the devotiaas of a small body which met at 
Sheemess ou Sunday aftemoous. In 1763 
this body erected a meeting-house, and 
Shrubsole frequently acted as their minister. 
About 1767 he undertook regular public 
preaching in Sheemeas and other towns in 
Kent. In 1773 he was appointed master- 
maat maker at Woolwich (I fowl and Hill 
spoke of him familiarly as 'the mastmnker'), 
but later in the year received promotion at 
Sheemess. In 17H4, hia ministrations jirov- 
iag very successful, a new chapel was built 
for him at Sheemess, which was enlarged in 
1787. In 1793 he had a paralvtic stroke, 
and a co-pa«tor was appointed, 'fhough his 
ministry was gratuitous, he declined further 
promotion in the dockyard, on the ground 
that it might interfere with his preaching 
engagcmenta. Hediedat Sheernesson 7Feb. 

Shrubsole is remembered as the author ot 
'Christian Memoirs' (K.ocbester, 177<t), a 
curious allegorical work in the stvle of 
Bunyan. The book was written, aa Shrub- 
sole exolains, lo divert his mind after being 
bitten oy a mad dog in 1773, A second 
edition (1790) contained an elegy written ii 
1771 on the death of White&eld ; and a third 
edition (1807) was edited by his son, with a 
'life' of the author. Shruhaole's other works 
include: 'The Plain Christian Shepherd's 
Defence of his Flock, being fi Lettprs in sup- 
port of Infant Baptism,' 1794; a pamphlet 
entitled ' A I'lea In favour of the Shipwrighia 
belonging to Ihe Royal Dockyard,' 1770; and 
several pamphletsond letters on the religious 

■ntroversies of the day. 

HiseldeHtaon,WiLUA»i Shbitbso le ( 1 759- 
1829}, bom at Sheemess on 21 Nov. 1759, 
became a shipwright in Sheemess dockyard, 
and subsequently clerk to one of the olhcers.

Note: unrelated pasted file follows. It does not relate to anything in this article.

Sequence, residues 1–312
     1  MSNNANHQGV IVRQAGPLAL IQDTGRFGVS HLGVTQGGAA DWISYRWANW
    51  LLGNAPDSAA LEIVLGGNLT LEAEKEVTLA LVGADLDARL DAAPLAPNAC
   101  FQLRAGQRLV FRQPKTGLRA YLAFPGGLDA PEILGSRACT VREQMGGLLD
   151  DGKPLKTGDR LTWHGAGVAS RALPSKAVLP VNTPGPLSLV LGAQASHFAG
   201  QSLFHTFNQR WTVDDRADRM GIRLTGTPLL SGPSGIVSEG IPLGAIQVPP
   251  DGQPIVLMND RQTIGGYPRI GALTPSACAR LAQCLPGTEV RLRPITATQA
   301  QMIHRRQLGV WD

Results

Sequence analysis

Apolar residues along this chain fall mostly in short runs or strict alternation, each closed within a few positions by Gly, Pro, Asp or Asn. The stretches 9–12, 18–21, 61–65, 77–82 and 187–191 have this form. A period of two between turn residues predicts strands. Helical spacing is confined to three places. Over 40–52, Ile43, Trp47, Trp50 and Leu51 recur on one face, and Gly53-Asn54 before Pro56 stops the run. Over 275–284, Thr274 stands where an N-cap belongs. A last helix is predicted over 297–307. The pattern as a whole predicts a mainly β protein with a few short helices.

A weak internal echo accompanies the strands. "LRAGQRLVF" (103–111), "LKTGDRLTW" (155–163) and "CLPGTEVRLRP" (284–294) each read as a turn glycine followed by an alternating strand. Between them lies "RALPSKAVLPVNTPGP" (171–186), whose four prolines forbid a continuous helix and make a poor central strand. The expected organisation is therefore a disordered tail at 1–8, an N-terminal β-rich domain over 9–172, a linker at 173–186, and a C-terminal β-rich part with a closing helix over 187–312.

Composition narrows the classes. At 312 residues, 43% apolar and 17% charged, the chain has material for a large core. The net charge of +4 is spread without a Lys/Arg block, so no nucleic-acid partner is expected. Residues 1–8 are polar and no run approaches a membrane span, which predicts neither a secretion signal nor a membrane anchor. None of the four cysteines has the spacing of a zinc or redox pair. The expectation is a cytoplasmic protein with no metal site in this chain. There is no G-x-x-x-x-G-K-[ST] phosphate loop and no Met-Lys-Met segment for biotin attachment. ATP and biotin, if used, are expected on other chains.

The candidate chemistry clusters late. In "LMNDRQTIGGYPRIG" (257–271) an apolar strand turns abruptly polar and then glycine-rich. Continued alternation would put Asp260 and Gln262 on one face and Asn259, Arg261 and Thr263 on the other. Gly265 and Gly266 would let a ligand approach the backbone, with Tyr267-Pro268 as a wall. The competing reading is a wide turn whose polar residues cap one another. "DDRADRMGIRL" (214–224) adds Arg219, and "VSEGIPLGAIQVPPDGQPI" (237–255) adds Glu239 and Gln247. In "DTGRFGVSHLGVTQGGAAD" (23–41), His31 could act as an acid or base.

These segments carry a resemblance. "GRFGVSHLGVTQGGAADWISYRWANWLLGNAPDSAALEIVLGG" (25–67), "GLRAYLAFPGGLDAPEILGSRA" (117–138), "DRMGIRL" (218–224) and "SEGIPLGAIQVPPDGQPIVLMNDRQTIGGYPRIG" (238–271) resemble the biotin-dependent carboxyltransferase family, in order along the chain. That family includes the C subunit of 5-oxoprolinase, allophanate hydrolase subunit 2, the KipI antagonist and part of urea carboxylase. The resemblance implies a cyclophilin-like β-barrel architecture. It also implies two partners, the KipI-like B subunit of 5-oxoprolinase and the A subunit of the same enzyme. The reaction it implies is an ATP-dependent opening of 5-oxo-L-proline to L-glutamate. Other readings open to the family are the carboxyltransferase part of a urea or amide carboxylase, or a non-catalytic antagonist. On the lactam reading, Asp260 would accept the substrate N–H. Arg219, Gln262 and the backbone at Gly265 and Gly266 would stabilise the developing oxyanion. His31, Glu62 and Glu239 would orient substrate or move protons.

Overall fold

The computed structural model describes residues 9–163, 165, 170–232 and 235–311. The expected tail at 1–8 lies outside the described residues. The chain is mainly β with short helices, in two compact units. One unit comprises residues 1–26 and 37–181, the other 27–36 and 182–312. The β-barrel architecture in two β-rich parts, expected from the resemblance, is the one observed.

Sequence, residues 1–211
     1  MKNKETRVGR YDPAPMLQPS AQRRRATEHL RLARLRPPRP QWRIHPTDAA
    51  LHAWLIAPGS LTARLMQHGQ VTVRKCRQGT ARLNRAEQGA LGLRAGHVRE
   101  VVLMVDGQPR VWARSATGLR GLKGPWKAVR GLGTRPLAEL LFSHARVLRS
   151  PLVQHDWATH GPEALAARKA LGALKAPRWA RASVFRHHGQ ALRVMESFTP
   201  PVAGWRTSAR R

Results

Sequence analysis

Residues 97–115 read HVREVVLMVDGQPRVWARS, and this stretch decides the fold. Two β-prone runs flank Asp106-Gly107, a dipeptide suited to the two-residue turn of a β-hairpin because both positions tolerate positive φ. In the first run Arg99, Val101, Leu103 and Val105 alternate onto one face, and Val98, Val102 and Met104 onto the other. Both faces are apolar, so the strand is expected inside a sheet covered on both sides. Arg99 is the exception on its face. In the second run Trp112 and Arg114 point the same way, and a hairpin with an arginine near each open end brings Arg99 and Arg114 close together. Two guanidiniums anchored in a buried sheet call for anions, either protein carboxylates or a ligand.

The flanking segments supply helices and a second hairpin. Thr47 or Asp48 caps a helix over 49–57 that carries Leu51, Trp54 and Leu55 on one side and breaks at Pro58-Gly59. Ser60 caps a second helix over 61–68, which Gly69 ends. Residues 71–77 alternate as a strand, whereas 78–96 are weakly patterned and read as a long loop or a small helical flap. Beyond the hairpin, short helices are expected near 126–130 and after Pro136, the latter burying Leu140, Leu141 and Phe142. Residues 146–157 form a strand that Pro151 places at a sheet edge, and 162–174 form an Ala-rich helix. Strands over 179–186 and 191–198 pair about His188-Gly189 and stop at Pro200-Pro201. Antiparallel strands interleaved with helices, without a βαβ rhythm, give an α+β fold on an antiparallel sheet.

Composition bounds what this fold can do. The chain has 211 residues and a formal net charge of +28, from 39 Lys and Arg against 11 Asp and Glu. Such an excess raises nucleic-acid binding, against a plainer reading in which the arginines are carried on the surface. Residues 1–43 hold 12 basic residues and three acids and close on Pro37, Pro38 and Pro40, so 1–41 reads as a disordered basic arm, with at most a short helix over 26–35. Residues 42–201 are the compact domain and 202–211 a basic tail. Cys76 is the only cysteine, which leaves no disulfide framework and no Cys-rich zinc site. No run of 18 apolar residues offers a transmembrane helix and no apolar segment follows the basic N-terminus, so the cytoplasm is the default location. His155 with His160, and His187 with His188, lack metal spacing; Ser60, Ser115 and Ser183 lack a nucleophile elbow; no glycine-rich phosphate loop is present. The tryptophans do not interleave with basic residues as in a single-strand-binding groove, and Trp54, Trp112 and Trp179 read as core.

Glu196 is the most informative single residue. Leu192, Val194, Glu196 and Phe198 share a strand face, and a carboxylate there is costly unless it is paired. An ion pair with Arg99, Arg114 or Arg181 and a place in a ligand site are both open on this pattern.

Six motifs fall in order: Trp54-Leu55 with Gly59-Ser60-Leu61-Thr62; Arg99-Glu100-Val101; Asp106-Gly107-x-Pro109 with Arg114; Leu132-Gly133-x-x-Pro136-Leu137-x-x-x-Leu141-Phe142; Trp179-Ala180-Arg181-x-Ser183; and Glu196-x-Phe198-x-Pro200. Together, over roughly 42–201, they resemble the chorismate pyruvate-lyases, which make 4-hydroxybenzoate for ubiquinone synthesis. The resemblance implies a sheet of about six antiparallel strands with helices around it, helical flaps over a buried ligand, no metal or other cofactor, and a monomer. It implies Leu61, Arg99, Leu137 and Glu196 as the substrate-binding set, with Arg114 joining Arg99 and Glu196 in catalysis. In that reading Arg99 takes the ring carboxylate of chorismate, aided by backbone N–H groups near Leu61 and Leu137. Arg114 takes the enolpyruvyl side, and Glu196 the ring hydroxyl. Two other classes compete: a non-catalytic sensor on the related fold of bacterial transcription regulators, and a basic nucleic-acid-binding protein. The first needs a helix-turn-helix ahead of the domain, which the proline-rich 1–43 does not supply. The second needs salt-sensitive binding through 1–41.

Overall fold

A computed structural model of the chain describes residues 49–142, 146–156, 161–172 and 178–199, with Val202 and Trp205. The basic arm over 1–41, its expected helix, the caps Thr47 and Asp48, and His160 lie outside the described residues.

In 1785 he went to London as a clerk in the 
Bonk ot England, where he ultimately be- 
came 'secretary to the committee of treasury.' 
He died at Highbury on 23 Aug. 1829, and 
was buried in Bunbill Fields, Skrubsola 
took a special interest in religious and philan- 
thropic societies, and was one of the first 
secretaries of the London Missionary Society. 
He had some poetical gifts, and contributed 
hymns to various religious publications from 
1 1 75 to 1813, His best known hymn, ' Arm 




of the Li>ri! ! awake, awahi.',' first published ! 
in ' Missionnrr llrmiu,' 1795, is attributed I 
in some works to Lis fattier, but tlie testi- 
mony of the loiins'-r Shnibsole's daiijfhter ! 
is ctinclusivi! in his favour. Anolhir hymn, ' 
' Briffht as thn aun'a meridian blaie,' waa ' 
written in 1 7'X, for the first nnniverearv meet- \ 
ing of thi' ]^udi>n Missionary Socittv. lie ' 
-n-aanot eonni-ded inany way with William ' 
Shrubsnle q. v. ', tlie composer (Momorial ' 
notice by his daugliter, Mrs. Cuniitfe, with j 
jiortrait. iii ^Idliisos's Fathrrt and Founder' ! 
of the Lomlun Munonarif Sueiefy; Jl'LUS's 
hicliiinanf iif llymnulngy's. 

[Chriatiun Memuirx. 3p1 edit., ns hIjotc; ! 
HurUon'H Fathprs and Fiiuiiders of llio Lun.lun 
jUissionuTT SftCicty; Millers Our Hymns, tiicir 
Aucliors nnd Origin, which, hua-ever. erra in tbc 
matter of liie hvmns; Oeut. Mug. 17?". J't. i. ' 
173. 250.] J. C. H. 

18(Xi), coniwisiT, younjrest son of Thomas 
ShruWk', furrier, wa.'A bom at Canterbury, 
and bniitiseJ on 13 Jan. 17G0. lie was a 
chorister in tho cathedral from 1770 to 1777, 
and orKiLnL-l at I)an)rgr Cathedral from 178:^ 
to 1784, when he was dismissed for frequent- 
ing 'conventicles.' He became organist of ; 
S]ia Fielda Chapel, London, and held that 
jKwt till his death on IS.Ian. 1806. lie was 
a successful teacher in London, nnd amonf; 
his pupils were William Ruiisell (1777-1613) 
fq. v.], orjranist of the Foundling Chapel, and 
llenjamin .lat-ob 'q. v.] of Surrey Clianel.